The Wounded Eagle

Twelve years ago I took my oldest daughter backpacking to Coyote Gulch out on the Hole in the Rock Road. She was home on break from her freshman year at Cornel University. She had said that all she wanted for Christmas was a trip to the desert so we went.
As we bumped down the dirt road I saw what appeared to be two figures standing on the side of the road ahead. As we came along side of them I could see that they were two Golden Eagles. It is odd to be able to get close to these birds. As we came to a stop we were maybe 10 or twelve feet from them. I carefully opened the car door and got out. They still didn’t move. Looking at them closely I could see that one had a gash on its breast bone and was dripping blood onto the ground at its feet. I took a step closer and the one that was not hurt flew off to the south. The wounded eagle puffed him self up and tried to look menacing. I took a couple of more steps toward him and he jumped up and spread his wings, flying off to the east.
As Louisa and I drove on down to out trail head we remarked on how strange that had been.
We enjoyed a great hiking trip and returned home where she prepared for her journey back to New York for school.
A few days later I got a call from one of my sisters telling me that my father had suffered a mild heart attack and was in the hospital in Joplin,MO awaiting bypass surgery. It was too late to call him so I retired to bed. During the night I had a very vivid dream in which I saw a man dressed in white enter a small room with a bed with a lamp next to it on a stand. The man in white was carrying a person over his shoulder who he lowered onto the bed. The person he carried was dressed in a hospital gown and I recognized him as my father. After he as laid on the bed the man in white left and I looked at my father lying there. He looked small to me. As I looked at him he groaned and began to roll off of the bed. I leaped forward to catch him. As I lifted him back onto the bed our eyes met in a very intense gaze. He looked very small and frail. It was then that I noticed a line of blood soaking through his gown down the length of his sternum. As I observed this wound I awoke in a rather emotional state.
It was morning so I called my sister and asked her for the phone number of my father’s hospital room. When I reached him he was being prepared to go into surgery so we only had a few moments to talk. I could tell he was afraid. He had never had major surgery before. He said, “Son, they are going to butcher me.”
I had watched him butcher beef and venison many times as a boy growing up, his arms red to the elbows pulling steaming organs from the body cavity. I was fascinated with this work of taking apart God’s creatures so we could eat. He would talk to me a bout the function of each part. I never wondered about where meat came from or what its cost was.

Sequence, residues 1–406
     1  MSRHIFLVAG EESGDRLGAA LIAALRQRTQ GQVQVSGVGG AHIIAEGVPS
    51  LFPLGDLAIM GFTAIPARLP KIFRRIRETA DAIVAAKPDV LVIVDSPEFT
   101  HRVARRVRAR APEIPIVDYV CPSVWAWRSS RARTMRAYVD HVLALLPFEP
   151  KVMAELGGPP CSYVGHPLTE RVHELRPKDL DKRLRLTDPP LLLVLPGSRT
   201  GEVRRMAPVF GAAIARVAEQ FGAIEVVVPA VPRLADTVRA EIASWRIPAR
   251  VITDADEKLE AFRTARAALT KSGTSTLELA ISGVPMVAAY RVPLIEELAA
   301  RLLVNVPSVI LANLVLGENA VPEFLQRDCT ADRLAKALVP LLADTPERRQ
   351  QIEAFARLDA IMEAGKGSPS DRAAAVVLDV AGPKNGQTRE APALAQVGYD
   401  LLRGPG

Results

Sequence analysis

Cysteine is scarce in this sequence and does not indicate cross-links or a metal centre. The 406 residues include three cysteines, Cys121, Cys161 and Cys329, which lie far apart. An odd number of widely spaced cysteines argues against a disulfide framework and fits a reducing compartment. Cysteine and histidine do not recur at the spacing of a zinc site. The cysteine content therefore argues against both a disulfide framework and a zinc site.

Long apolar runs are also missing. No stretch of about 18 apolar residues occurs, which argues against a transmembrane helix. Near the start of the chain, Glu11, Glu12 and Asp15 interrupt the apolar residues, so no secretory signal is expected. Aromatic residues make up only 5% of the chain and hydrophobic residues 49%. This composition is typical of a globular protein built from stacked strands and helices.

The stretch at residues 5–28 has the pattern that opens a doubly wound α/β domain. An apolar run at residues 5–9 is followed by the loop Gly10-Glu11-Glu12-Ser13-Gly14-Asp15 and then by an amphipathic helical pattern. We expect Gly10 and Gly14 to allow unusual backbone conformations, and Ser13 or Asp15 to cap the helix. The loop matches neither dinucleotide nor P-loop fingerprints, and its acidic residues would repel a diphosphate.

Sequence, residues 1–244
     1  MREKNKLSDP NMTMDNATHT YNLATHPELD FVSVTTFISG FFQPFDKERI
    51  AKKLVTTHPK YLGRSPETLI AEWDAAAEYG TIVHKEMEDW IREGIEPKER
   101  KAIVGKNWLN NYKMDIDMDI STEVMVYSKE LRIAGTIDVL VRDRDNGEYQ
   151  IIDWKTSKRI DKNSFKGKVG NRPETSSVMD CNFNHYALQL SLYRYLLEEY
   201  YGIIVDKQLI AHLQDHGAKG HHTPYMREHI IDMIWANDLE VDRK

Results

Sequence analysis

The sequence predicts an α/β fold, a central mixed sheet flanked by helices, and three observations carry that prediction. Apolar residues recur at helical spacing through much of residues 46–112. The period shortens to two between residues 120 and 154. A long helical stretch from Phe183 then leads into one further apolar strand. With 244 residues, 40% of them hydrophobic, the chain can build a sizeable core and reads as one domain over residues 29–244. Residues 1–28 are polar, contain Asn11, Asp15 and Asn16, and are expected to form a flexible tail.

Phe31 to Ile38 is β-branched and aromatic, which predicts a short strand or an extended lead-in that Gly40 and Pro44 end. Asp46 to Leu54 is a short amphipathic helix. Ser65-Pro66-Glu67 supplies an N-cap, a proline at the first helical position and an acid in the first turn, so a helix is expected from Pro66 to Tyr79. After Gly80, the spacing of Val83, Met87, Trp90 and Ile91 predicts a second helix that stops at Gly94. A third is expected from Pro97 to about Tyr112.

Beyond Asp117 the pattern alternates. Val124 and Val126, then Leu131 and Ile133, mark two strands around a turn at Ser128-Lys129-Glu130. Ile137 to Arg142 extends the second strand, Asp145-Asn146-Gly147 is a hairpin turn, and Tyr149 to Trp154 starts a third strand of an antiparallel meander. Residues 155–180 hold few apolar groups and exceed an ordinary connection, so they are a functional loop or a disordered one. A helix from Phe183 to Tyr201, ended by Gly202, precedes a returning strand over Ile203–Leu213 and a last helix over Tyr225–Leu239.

He had seven bypasses performed that day. The heart attack had not damaged his heart muscle and the surgeon said the days work would buy him ten more years if he was lucky.
I called Louisa and told her about the heart attack, the dream and the surgery. She observed that the blood on the gown in the dream was just like the wounded eagle we had seen on the road in the Escalante desert. I had not made that connection. That evening I talked with my friend Forrest Cuch, a full blood Ute, who told me that anytime those big birds come that close to you it is to give you a message from the Creator about what is going on in your life. It seem that was the case that day on the road to Coyote Gulch.
The wounded eagle had flown off to the east rather than the west. East is the direction of life, the west road is the way to death. Dad was given ten more years with his rewired heart. It has been twelve and the reaper is back. Dad is in the ICU at a hospital in Joplin. This time there will be no surgery just drugs to keep his blood pressure up and to keep him sedated so his strength will be saved fro his weak heart and lungs. He is walking down the west road. As he waited for the ambulance to come to his home on Saturday he told my mother that he is ready to go to that other place now. He had just come in from a walk and felt poor. He knew it was time. He is 85 and has had a good life.
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4 Responses to “The Wounded Eagle”

  1. Jeanne Says:

    Joe Thank you.

  2. Collin Taylor Says:

    Joe,

    Our thoughts and prayers are with you and your family.

    Collin & Audrey

  3. mike Says:

    Wow what can I say what ever i can do to help I will! you are in my thoughts and in my prayers.
    MFB

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